Wednesday, May 1, 2013

Deanna Durbin

She appears at approximately the 1:37 mark in this clip from the M-G-M short subject Every Sunday. At around 2:47 she takes her place alongside Judy Garland for the film's climactic sing-off. That's the historical context: Durbin, whose death was announced yesterday, was Garland's peer and rival, both of them teenage singers looking for the big break in 1930s Hollywood. Allan Fisch uploaded this clip to YouTube.

Thanks to the harvesting of archives of film for the DVD market, Durbin was probably less forgotten at the time of her death than she was a generation ago, when her films were rarely shown on TV. The story of her life you can read today is that she was one of the rare movie stars who made a clean break at an early age, quitting Hollywood for married life at the age of 28. Her silence wasn't absolute but may as well have been; somehow her work ceased to matter once work ceased to matter for her. It was as if, once you decided not to be a star anymore, you really never were one. So you want to be forgotten? So be it. A loyal cohort of fans kept their candles lit all along, of course, but there was no longer a market for her. We should presume that this prospect didn't bother her; otherwise, why quit?

The real story, as far as film history is concerned, is that Durbin remained Garland's rival for her entire career. Their paths diverged after Every Sunday, Garland remaining at Metro, Durbin going to Universal. She was credited with single-handedly rescuing a studio that was in bad shape after the departure of the founding Laemmle family. Her musicals gave Universal a boost before the monster revival and the arrival of Abbott and Costello. As she grew older she tired of the formulaic mediocrity of her assignments, but fell in love with one of her directors. And that was that.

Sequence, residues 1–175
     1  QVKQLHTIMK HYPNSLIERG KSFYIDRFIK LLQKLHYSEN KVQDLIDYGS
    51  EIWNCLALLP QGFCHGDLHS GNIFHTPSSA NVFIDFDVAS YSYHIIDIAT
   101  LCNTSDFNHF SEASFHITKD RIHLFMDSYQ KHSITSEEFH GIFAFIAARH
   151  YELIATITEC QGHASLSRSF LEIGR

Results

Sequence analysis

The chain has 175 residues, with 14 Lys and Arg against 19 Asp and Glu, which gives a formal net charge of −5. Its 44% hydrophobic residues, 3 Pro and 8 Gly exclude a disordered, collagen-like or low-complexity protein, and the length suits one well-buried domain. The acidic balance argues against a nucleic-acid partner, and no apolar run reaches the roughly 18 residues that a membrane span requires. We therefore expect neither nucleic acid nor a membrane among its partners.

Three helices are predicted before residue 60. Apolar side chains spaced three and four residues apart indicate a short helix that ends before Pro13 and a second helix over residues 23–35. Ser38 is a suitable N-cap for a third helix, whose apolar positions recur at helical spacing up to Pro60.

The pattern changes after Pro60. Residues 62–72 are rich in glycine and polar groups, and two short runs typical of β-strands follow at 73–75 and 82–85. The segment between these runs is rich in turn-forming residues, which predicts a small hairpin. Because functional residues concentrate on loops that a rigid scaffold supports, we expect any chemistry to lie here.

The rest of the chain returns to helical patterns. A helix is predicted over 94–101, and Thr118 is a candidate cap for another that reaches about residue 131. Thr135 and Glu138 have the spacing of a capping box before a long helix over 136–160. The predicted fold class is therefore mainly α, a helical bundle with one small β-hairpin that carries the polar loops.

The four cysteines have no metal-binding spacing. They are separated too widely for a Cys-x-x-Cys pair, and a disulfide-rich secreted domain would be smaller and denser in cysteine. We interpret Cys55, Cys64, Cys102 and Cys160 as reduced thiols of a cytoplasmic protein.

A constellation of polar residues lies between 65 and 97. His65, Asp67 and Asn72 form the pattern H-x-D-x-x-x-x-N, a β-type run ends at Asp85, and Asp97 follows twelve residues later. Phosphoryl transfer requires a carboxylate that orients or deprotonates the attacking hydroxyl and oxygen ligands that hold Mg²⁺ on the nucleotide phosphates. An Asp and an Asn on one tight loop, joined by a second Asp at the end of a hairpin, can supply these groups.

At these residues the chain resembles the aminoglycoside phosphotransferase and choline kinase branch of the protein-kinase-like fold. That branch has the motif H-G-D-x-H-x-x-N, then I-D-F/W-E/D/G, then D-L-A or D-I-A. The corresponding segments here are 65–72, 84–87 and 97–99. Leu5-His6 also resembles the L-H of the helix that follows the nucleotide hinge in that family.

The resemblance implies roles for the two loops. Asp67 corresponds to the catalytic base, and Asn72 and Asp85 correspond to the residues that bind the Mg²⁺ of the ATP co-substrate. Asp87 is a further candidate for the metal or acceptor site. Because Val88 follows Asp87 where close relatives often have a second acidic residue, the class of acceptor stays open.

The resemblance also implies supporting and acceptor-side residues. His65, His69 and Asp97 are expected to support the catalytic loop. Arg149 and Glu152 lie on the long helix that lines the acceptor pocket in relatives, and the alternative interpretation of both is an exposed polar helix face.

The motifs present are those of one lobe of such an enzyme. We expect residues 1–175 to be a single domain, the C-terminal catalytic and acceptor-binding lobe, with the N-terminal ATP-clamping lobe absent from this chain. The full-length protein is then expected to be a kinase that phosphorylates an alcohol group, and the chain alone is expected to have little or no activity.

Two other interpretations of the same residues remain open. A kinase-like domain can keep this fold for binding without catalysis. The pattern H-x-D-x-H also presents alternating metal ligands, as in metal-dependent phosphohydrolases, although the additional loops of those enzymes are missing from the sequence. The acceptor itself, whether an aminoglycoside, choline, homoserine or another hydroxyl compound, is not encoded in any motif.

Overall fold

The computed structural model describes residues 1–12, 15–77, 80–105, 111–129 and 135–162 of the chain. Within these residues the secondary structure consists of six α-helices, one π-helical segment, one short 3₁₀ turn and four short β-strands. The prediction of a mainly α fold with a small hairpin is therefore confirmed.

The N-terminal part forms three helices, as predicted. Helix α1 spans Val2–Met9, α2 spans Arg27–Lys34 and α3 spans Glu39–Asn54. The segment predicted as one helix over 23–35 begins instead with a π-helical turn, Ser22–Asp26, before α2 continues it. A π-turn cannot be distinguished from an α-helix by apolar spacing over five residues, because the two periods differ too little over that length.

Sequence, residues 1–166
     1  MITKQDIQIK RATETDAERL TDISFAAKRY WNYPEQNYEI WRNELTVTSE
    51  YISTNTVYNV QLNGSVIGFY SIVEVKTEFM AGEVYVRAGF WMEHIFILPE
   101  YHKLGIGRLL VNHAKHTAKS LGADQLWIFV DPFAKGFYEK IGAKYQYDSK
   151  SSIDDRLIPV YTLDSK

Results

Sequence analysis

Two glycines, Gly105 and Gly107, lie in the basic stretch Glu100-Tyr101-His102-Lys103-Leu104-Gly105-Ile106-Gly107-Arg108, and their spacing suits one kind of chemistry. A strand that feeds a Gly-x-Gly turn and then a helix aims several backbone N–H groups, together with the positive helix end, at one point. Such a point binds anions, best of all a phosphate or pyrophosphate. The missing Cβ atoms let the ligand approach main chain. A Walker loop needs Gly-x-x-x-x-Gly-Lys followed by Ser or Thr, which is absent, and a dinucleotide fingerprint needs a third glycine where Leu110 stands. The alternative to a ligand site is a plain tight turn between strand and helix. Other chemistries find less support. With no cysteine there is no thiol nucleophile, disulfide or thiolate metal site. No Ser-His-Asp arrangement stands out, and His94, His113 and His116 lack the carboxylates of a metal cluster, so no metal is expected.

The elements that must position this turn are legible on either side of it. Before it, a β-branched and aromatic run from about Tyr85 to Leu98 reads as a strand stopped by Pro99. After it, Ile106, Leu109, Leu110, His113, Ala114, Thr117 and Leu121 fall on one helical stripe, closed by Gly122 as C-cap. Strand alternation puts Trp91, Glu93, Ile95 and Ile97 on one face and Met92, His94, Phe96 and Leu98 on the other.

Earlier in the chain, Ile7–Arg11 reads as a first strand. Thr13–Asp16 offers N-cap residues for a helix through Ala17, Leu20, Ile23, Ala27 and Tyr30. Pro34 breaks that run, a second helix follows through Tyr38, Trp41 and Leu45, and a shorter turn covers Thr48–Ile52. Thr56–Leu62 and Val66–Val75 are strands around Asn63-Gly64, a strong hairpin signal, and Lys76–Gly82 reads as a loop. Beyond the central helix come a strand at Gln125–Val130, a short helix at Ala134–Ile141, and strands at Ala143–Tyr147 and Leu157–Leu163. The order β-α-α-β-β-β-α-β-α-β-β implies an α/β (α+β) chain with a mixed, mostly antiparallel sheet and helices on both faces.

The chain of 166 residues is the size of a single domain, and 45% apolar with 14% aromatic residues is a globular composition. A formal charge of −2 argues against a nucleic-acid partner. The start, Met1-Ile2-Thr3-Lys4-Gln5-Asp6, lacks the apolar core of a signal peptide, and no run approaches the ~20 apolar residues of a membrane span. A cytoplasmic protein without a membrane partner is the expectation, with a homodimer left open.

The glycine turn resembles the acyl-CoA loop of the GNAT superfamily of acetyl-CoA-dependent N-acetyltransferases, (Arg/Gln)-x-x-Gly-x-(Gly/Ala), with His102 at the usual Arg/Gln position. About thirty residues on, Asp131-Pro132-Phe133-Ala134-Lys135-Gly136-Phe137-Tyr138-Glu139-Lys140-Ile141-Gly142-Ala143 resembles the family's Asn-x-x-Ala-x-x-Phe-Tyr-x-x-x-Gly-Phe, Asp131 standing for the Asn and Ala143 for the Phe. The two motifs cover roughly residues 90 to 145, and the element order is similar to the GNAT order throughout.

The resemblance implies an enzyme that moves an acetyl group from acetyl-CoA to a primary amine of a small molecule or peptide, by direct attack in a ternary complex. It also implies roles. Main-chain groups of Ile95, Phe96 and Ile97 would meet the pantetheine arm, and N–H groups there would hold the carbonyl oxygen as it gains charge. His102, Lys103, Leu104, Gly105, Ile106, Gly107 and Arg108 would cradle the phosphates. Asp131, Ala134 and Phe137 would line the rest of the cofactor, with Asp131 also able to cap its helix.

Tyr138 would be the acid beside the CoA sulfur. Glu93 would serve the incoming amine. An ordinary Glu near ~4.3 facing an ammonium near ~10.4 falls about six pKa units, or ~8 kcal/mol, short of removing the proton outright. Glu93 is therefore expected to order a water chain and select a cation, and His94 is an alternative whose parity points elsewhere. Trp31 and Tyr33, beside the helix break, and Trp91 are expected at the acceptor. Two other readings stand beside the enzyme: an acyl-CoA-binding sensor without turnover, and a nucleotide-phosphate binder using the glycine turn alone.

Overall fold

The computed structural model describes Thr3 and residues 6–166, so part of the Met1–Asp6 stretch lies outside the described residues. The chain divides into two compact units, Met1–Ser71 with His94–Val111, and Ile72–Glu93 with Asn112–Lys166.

The film historian Jeanine Basinger relates a telling anecdote

Judy Garland said she had once run into Durbin in Paris, and that she was obviously happy. Garland, on the other hand, had confessed her woes to her former colleague. Laughing, Garland said Durbin told her, 'Why don't you get out of that business, you dumbbell?'

Garland's senior by approximately six months, Durbin lived nearly twice as long.

I can't call myself a Durbin fan. In fact, I've only seen one of her movies, and it's probably her most atypical vehicle: Robert Siodmak's film noir musical Christmas Holiday, extra noteworthy for its casting of Gene Kelly as her murderous husband. I can't say honestly that Durbin made a lasting impression on me, but the film as a whole is memorably dark; don't judge this book by its festive cover. Otherwise, Durbin's films aren't the sort I'd normally seek out. But given her place in Hollywood history -- not just her stardom but the unmatched discrepancy, at least during the sound era, between the peak of her fame and the trough of her chosen obscurity, her passing is worth noting here.

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